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  1. Ruth Haynes: Birth: 19 FEB 1631 in Hartford,, Connecticut, USA. Death: 1688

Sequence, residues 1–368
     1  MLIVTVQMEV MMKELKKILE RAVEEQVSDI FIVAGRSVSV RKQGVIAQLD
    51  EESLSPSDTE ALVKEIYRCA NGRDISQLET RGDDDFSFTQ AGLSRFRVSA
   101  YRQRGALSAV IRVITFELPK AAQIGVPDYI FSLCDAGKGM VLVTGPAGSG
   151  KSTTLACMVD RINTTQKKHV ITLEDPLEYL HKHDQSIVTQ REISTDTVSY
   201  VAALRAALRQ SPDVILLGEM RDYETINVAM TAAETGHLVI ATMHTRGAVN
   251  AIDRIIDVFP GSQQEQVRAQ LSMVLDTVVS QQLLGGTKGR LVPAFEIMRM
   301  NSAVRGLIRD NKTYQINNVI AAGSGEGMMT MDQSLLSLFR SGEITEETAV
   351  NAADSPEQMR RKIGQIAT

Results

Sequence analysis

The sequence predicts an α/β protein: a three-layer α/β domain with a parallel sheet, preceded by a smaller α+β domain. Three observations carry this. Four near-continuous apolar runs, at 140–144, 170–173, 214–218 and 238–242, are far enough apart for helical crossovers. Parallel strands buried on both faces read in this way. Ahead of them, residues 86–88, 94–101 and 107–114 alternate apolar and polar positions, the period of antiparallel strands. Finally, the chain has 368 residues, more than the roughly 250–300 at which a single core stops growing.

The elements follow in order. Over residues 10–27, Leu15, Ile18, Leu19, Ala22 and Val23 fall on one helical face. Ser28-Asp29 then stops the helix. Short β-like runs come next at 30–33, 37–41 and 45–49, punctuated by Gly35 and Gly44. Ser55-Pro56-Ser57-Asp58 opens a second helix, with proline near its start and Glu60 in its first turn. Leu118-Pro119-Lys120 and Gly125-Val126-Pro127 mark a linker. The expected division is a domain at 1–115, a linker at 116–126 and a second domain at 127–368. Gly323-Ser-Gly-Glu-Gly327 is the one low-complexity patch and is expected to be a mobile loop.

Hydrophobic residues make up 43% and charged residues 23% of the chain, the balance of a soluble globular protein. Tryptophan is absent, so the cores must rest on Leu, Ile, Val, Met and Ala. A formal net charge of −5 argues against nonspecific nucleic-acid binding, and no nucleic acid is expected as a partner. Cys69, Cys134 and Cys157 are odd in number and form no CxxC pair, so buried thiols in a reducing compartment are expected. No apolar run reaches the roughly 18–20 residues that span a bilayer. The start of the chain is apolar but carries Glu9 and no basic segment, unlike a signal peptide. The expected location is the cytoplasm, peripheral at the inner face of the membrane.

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Sources
1. Title:   Connecticut State Library
2. Title:   Colonial Connecticut Records

Notes